Today in Chapel Hill
I want to be completely clear about this: this is not political. This is not a red issue or a blue issue. This is about there being a better way to live. I am absolutely convinced that the United States of America is the best country in the world, but somehow, this doesn’t happen in other countries. And sometimes being the best means figuring out where you have to improve, and who is doing it better, and how you can implement some of their ideas.
I am not qualified to tell you about politics or policy or rights. Someone else has to figure out those things. But I am qualified to tell you that they better get on with it, because on Monday everyone in Chapel Hill lived it and it isn’t acceptable.
This afternoon, Jones Angell and I were recording Tuesday’s edition of the Carolina Insider podcast. Around 1 p.m., we heard sirens. Our studio is adjacent to the Dean Smith Center. Soon, the text arrived. This is what it said:
“Alert Carolina! Armed, dangerous person on or near campus. Go inside now, avoid windows.”
You live in America in 2023, so you know what this means. Do all of us leave the hotel when the fire alarm goes off? Of course not. Was this really—truly—happening? The chances seemed low. Not at Carolina. This happens somewhere else. We watch it on the news, not out our window.
But then: sirens and ambulances and fire trucks. The building we are in is basically made of windows. We went upstairs.
It didn’t truly hit home until Jones said, “I’m glad they keep this building locked.” And then I realized something: I was glad, too.
I hope none of you ever have to experience the temporary flutter in your stomach when the exterior door to your building slams and there is a brief second when you wonder for just a second if it is someone with a gun.
This isn’t to make you feel sorry for any of us in Carolina athletics. So many people had it so much worse than us today. I have a friend whose college freshman daughter was locked down in the building next to where the shooting took place. They will never, ever forget this day. But they have to. All of us do, or we wouldn’t leave the house tomorrow.
We were blocking it out even while the situation was happening. There were a few brief minutes this afternoon when several of us discussed the entrance video for Carolina Basketball this year. We threw out ideas. Talked about what would excite the crowd.
We had to. The other options were watching the news, or imagining what it was like in those buildings just across campus, or texting people in the football building who were huddled in the equipment room.
There comes a point where you just can’t process it anymore. So you think about the Carolina Basketball entrance video for a few minutes. But then you look out the window and there are over a dozen police officers massing outside the Smith Center—directly outside the place where all of us have so many fantastic memories and have enjoyed so many great nights with so many people we love—putting on tactical vests and carrying very serious looking weapons. I’m locked in the building wondering if we should do a podcast and they’re putting on armored gear preparing to run into an unknown situation. Follow them on Twitter.
You know what truthfully would excite the crowd way more than any video we could produce? Being able to gather without wondering if they will be secure. My kids texted me today to find out if I was safe. My kidstexted me about my safety. Do you understand how broken that is?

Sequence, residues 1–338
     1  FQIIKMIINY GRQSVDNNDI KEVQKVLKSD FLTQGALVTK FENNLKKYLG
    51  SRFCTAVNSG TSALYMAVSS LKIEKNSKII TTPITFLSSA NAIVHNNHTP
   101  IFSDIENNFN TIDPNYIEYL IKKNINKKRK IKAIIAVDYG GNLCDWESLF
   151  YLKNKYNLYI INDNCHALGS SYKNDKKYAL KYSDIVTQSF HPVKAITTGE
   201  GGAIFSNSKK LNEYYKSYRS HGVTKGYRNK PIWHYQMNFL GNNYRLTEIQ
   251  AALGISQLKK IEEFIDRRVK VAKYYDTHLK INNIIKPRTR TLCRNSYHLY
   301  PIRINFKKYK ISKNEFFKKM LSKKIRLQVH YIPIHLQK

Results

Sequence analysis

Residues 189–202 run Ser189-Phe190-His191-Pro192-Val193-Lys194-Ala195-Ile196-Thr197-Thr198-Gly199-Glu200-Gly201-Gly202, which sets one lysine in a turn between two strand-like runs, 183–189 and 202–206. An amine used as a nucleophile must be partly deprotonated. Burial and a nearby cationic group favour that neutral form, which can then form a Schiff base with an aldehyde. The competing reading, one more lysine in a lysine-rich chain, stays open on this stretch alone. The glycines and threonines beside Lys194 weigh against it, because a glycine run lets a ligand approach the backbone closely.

So many times I have watched these incidents on television and thought, “I can’t imagine what it would be like to be one of the people living through this.” Looking out that window, it finally hit me: today, I am one of those people. And so many people on so many of these similar days have had it so, so much worse than me. I went home. So many haven’t had that luxury. I texted my wife that traffic was bad. What a problem to have.
This incident wasn’t even one of the “bad ones.” How sick is that? This is one that the rest of the world will forget, because there was “only” one fatality. But there were thousands of college students who barricaded themselves in their dorms, and thousands of Chapel Hill public school kids who will never forget this day, and thousands of parents who weren’t sure if their kids were safe. That’s true every time this happens. I’ve just never thought about it that way, because I’ve never had to think about it that way, and haven’t wanted to think about it that way.
We know someone who went to their first day of high school in Chapel Hill schools—one of the best school systems in the free world—today. She saw armed guards with guns drawn. I vividly remember being very nervous the night before the first day of high school about who I might eat lunch with the next day.
She saw guns.
This isn’t progress. It’s the opposite of progress.
Someone in Chapel Hill is trying to sleep tonight who sent their child to their first day of kindergarten today. Their precious little five-year old who is nervous about learning to read and sleeps with a gang of stuffed animals and wants to be a princess when they grow up …and then couldn’t go home at dismissal because the adults weren’t sure it was safe. That’s us. We are the adults. We’re the ones failing.
Somewhere a Chapel Hill kindergartner—right here in Chapel Hill, the best place in the entire world—looked forward to going to “big kid school” all summer and lined up their clothes on Sunday night and walked off this morning with a backpack bigger than they are and now after one day of school they think it’s normal to lock themselves in the classroom and stay away from windows.
That isn’t good enough.
It’s true that today wasn’t as bad as it could have been. But it was worse—so much worse, for so many people—than it should have been.
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